This study complements our previous in vivo analysis of the role of each residue of domain 3 of PACT in its functions. As far as the need of the ten specific residues of domain 3 is concerned, our in vitro and in vivo results are in general agreement (Table 1). The corresponding mutants did not cause apoptosis and most of them did not bind or activate PKR in vitro. But the noted differences were also revealing. The substantial PKR binding of the S287A mutant was not sufficient for PKR activation and the partial activation of PKR by the D260A and S279A mutants was not sufficient for causing appreciable apoptosis. The needs for serine phosphorylation in the in vitro and in vivo assays were less concordant. It seems that such needs are absolute in vivo, whereas in vitro the needs were only quantitative. It is possible that bacterially-expressed PACT and its derivatives were unphosphorylated, because the isoelectric point of bacterially-expressed PACT Δ1 did not change after phosphatase treatment (21). However, they could still activate PKR in vitro, albeit less efficiently than the DD mutant protein. In this context, it should be mentioned that because the in vitro activation assays were done with MBP-3, the domain 3 was not present in its natural context and hence it might have been more accessible to PKR even without phosphorylation. If this line of argument is valid, the in vivo data are more relevant mechanistically. Irrespective of the above caveats, it is clear that, in vivo, the two specific serine residues are targets of phosphorylation and this process is absolutely required for PKR activation and triggering apoptosis. This could be because, as indicated by the results presented here, phosphorylated PACT is a better activator of PKR due to its stronger binding. But it also remains possible that in addition, stress-induced phosphorylation of PACT changes its subcellular location and translocates it to the neighborhood of PKR so that the two proteins are more accessible to each other. Finally, we have examined here the mechanism of PKR activation by PACT in response to only one kind of stress, e.g. that produced by a low dose of actinomycin D. It remains to be seen whether the same mechanism operates for other stresses known to cause PACT phosphorylation and PKR activation. Such stresses include growth factor deprivation and treatment of cells with arsenite, hydrogen peroxide, thapsigargin, and tunicamycin (17–19).
Results presented here and those reported earlier led us to propose a model for PACT phosphorylation and PKR activation (Fig 8). According to this model, phosphorylation of both Ser 246 and Ser 287 is needed to fully activate PACT and their phosphorylation is sequential. Ser 246 is phosphorylated constitutively whereas Ser 287 is phosphorylated in response to stress. Moreover, phosphorylation of Ser 246 is a prerequisite for Ser 287 phosphorylation (Fig 8A). Moreover, we postulate that the doubly phosphorylated protein binds to two sites on PKR thus increasing the affinity between the two proteins. In contrast, the binding of singly phosphorylated PACT to one site is weak. Although the S246D, S287A mutant could bind to PKR in vitro, it could not activate it (Fig 7). In vivo, only the strong binding leads to a conformational change of PKR and its activation (Fig 8B), and hence the need for applying stress to cells. In support of this, a series of coimmunopreciptation experiments showed that more PKR was coimmunoprecipitated with wt PACT after the cells were stressed (21). In contrast, the AA mutant of PACT precipitated only a small amount of PKR even after stress. As expected from our in vitro experiments, the DD mutant of PACT coimmunoprecipitated PKR more efficiently, even without stress. These results demonstrated that phosphorylated wt PACT bound PKR more strongly in vivo, as did the DD mutant both in vivo and in vitro. These results would suggest that in vivo, stress-activated phosphorylation of S287 should make PACT a better activator of PKR and hence a better stimulant of apoptosis. If this were true, the DD mutant should be highly active in cells even without stress. Indeed, PKR activation in vivo, as measured by eIF2α phosphorylation, was equally strong before and after stress, in cells expressing the DD mutant. There was little eIF2α phosphorylation in cells expressing the corresponding AA mutant, even after the application of stress , and the wt protein caused eIF2α phosphorylation only after the cells were stressed. These results regarding PKR activation were completely supported by the apoptotic properties of the mutants. Unlike the wt protein, the DD mutant was equally active, with and without stress, in causing apoptosis whereas the AA mutant was totally inactive in either situation. Interestingly, another mutant, S246A, S287D, was completely inactive indicating that S246 has to be phosphorylated in order for the protein to be active in vivo. Our in vitro results presented here are in concert with the above model. The DA mutant binding to PKR was not sufficient to activate PKR. The phosphomimetic DD mutant bound to PKR more strongly and activated it more efficiently. Nonetheless, unphosphorylated PACT or MBP3, expressed in and purified from bacteria could activate PKR in vitro, albeit less efficiently. This is in contrast to the absolute need of stress-activated phosphorylation of PACT for activating PKR in vivo. This apparent discrepancy can possibly be explained at the biochemical level by the fact that cellular concentrations of both PKR and PACT are much lower than those used in our in vitro assays. The activities of many proteins are known to be increased by phosphorylation, however the unphosphorylated proteins can still function at a higher concentration; PKR activation by PACT apparently uses the same principle to boost the activity in vivo.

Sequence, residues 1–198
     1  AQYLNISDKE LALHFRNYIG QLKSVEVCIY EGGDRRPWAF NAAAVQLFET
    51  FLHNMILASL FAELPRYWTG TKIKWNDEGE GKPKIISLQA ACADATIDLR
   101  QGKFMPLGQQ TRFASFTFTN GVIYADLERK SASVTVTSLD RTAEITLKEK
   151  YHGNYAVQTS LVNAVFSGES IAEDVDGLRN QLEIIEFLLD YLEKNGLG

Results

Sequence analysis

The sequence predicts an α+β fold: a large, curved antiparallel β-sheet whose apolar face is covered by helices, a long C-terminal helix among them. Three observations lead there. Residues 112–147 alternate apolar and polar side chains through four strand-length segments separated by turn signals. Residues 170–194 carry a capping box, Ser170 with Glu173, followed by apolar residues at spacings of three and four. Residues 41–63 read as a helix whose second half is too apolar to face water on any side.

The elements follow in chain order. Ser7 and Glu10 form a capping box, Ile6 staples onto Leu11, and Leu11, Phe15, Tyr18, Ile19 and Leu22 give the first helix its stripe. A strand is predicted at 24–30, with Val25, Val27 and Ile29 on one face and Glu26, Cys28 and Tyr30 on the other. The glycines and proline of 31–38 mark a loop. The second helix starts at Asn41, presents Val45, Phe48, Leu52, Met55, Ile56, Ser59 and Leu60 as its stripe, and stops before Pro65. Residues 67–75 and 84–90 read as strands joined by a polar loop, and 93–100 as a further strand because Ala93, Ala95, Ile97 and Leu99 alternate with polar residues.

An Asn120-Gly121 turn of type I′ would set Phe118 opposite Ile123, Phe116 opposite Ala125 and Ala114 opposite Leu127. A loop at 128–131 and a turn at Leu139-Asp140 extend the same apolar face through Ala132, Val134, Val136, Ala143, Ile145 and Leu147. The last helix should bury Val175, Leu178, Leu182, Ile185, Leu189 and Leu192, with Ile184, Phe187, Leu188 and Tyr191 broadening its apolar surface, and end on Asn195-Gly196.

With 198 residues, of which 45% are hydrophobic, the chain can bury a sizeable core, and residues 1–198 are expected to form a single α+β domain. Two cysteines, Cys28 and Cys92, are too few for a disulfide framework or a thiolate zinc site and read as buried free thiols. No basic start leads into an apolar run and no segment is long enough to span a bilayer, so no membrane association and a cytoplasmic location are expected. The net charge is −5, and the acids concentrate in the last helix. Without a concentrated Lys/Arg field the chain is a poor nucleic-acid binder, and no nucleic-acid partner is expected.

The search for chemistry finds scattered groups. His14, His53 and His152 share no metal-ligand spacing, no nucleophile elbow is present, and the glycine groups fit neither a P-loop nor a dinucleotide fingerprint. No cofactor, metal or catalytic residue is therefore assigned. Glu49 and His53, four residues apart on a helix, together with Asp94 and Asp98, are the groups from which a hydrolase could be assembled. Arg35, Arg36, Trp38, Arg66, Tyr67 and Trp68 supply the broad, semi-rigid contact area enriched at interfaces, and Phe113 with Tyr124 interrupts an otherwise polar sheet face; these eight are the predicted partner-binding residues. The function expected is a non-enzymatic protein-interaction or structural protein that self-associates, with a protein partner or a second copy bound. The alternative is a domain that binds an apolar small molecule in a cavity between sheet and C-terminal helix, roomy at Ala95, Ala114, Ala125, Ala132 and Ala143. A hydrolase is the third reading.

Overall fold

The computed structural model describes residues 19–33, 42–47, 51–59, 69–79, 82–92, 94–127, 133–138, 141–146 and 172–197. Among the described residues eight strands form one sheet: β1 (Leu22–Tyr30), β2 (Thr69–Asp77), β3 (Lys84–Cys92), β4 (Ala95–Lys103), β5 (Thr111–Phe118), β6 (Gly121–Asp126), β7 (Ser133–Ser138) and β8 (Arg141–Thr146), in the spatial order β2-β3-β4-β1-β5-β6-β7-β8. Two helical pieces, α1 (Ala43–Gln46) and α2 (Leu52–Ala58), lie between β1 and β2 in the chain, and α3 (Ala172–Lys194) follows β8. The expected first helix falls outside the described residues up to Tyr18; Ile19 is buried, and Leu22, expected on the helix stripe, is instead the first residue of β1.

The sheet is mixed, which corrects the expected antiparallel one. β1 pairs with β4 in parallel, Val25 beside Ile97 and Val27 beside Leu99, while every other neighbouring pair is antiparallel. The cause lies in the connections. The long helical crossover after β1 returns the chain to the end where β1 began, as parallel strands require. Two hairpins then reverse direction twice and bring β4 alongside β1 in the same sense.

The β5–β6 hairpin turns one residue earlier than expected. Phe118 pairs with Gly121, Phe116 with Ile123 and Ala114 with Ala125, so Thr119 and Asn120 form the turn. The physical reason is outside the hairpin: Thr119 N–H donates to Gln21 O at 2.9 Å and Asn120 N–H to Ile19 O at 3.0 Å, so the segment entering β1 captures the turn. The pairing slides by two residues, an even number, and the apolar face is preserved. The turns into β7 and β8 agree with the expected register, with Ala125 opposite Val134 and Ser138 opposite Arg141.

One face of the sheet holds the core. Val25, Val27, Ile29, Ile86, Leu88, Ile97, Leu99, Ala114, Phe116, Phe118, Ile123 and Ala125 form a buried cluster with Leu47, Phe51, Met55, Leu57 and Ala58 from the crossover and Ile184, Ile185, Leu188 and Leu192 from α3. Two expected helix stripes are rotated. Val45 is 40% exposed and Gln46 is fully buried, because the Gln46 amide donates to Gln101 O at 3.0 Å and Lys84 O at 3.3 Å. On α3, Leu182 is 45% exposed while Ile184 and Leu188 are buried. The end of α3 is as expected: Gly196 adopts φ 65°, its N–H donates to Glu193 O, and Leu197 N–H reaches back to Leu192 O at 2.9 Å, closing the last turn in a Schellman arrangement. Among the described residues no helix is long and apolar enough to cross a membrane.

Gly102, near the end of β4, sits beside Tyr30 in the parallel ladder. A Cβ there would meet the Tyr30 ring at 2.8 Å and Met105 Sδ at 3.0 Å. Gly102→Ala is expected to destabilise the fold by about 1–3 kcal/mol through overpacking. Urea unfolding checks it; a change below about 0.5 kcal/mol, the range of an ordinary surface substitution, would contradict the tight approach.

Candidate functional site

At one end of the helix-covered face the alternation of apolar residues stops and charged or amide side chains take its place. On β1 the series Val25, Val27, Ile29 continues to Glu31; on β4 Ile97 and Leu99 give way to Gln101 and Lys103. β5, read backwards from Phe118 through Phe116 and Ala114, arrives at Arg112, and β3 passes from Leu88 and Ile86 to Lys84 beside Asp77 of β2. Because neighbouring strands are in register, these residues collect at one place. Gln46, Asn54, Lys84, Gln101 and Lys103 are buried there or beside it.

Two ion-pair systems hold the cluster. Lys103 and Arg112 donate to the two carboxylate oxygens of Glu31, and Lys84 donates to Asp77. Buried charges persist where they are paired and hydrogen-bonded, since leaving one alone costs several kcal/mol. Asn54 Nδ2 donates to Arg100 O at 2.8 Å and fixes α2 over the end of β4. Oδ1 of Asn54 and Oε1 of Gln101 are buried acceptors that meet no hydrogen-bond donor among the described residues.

We thank Xinna Li and Mark Kader for PACT mutant construction and technical assistance.
†This work was supported by National Institutes of Health grants CA-62220 and CA-68782 to G.C.S.
1Abbreviations: IFN, interferon; dsRNA, double-stranded RNA; PKR, double-stranded RNA-activated protein kinase R; dsRBD, dsRNA binding domain; PACT, protein activator